As for free market solutions, he discusses a few:
HEALTH-CARE ANALYSTS OFFER several ideas for reforms that would usher in a consumer-based market. Most pressing is the need to change the tax code that makes the country overly dependent on employer-based policies. The purist free market reaction would be to simply scrap the benefit altogether, which would lead to higher salaries with which individuals could purchase their own insurance and which would save the government $200 billion in tax subsidies. The more politically palatable option would be to extend the same tax status to individuals purchasing insurance on their own, which would lower the ranks of the uninsured and allow people to maintain their insurance when they leave their jobs.
Another reform would be to allow individuals to purchase insurance across state lines, which would create a national market that would help consumers get around onerous regulations.
A change that Herzlinger believes is crucial to an efficiently functioning market would be requiring hospitals and doctors to disclose data on patient outcomes and publish prices, so that consumers can make informed choices.
The biggest challenge of any health-care system is answering the question of how those with pre-existing conditions and chronic illnesses such as diabetes would get covered, because it often isn’t profitable for insurers to take on the risk.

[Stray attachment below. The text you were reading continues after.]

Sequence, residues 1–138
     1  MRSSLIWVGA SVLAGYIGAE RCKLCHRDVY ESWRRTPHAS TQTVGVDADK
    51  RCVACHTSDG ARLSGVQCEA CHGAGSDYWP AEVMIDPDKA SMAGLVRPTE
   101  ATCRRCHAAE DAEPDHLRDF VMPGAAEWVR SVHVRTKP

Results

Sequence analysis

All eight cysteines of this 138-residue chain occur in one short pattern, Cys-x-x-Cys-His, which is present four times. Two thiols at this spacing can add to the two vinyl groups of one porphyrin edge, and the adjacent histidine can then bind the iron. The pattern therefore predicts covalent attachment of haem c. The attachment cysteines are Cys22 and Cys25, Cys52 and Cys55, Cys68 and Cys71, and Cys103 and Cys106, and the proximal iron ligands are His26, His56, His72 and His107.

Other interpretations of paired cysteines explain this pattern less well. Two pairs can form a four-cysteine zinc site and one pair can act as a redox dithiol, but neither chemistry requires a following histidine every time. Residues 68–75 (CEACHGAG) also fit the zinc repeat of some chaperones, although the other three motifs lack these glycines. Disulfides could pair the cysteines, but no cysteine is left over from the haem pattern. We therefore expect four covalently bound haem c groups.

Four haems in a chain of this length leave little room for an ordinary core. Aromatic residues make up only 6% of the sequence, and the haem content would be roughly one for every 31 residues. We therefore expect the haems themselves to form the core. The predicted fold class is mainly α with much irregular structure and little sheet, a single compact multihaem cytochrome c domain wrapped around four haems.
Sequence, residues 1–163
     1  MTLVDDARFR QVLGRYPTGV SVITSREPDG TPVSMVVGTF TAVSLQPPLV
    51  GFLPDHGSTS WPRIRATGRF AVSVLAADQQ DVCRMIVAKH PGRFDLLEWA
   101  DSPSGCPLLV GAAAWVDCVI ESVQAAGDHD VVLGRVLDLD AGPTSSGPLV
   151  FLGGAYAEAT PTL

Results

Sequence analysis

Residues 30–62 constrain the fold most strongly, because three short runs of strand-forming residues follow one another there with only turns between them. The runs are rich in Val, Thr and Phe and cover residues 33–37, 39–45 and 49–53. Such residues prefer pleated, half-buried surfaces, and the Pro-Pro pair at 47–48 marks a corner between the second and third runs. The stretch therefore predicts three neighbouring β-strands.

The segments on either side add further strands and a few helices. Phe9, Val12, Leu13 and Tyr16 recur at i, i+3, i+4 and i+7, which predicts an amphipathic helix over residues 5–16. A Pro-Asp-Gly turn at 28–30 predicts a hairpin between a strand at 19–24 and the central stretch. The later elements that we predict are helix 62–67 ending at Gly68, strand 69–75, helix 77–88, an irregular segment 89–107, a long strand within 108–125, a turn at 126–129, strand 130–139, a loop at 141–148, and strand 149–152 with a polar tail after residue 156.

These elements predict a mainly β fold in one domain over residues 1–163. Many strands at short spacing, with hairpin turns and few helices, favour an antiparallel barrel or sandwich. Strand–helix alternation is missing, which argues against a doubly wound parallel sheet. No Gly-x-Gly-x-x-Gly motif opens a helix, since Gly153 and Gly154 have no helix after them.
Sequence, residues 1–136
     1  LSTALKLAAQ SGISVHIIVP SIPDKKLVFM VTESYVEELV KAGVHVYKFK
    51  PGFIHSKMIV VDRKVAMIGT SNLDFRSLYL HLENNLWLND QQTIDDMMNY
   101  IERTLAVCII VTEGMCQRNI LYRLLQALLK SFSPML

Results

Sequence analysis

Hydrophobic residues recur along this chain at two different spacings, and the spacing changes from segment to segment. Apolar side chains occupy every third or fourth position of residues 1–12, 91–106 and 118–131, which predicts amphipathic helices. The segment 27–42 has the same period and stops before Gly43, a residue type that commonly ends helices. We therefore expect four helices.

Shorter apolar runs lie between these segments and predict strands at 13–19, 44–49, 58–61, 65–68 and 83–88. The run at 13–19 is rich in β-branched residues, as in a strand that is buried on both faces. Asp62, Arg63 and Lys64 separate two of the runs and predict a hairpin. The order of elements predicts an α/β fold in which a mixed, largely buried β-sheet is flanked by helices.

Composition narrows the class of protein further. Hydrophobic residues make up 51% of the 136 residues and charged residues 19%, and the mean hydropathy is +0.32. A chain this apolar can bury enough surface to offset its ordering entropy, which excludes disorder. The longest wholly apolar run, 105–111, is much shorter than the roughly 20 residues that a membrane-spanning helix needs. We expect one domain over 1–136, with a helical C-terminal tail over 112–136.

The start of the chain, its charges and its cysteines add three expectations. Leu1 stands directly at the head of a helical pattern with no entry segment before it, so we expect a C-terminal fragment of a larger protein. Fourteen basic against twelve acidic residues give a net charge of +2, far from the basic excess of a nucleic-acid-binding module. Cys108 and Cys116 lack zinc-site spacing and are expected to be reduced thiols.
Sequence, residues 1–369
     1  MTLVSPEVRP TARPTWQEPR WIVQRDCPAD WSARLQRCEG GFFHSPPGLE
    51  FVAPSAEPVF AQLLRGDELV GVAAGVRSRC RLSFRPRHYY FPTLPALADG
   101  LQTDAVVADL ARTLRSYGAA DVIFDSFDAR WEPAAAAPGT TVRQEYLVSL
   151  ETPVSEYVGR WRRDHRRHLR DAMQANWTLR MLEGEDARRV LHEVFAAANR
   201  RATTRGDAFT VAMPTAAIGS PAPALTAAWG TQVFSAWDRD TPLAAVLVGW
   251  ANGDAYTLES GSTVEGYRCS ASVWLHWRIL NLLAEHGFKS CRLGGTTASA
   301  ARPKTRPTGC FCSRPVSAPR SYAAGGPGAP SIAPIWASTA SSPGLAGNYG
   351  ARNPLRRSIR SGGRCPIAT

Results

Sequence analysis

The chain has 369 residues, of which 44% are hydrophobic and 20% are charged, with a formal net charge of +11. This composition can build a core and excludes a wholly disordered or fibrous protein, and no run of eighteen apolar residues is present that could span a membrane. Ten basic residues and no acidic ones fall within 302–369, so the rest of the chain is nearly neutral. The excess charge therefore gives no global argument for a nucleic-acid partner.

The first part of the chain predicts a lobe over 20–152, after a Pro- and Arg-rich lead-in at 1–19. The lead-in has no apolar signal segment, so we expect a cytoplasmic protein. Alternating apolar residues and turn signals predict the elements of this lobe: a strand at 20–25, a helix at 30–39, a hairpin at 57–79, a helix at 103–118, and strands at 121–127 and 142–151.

To some extent, opening up the market would help, because if it were easier for people to purchase cheaper, high-deductible insurance policies in the individual market, insurance companies could capture premiums from healthier people and bring them into the risk pool, thus offsetting potential losses from higher-risk patients.
John Goodman, the president of the National Center for Policy Analysis, says that “what we need is a market for sick people….In normal markets, entrepreneurs go after unmet needs. That’s how entrepreneurs make money, but in health care we’ve made it very difficult for people to make a profit by meeting the needs of sick people.”
Beyond that, there are several other solutions offered for how to cover the very sick. One option is to create risk pools, which have already been experimented with in some states. Under this system, all the riskiest patients would be taken out of the normal insurance market and given the option to choose among a number of plans. At the end of each year, an administrator would tally up the cost of the losses for treating those patients, and insurers would divide up the cost among themselves. The result is that the losses get spread out, so no single insurer has to worry about getting stuck with a high concentration of the difficult cases.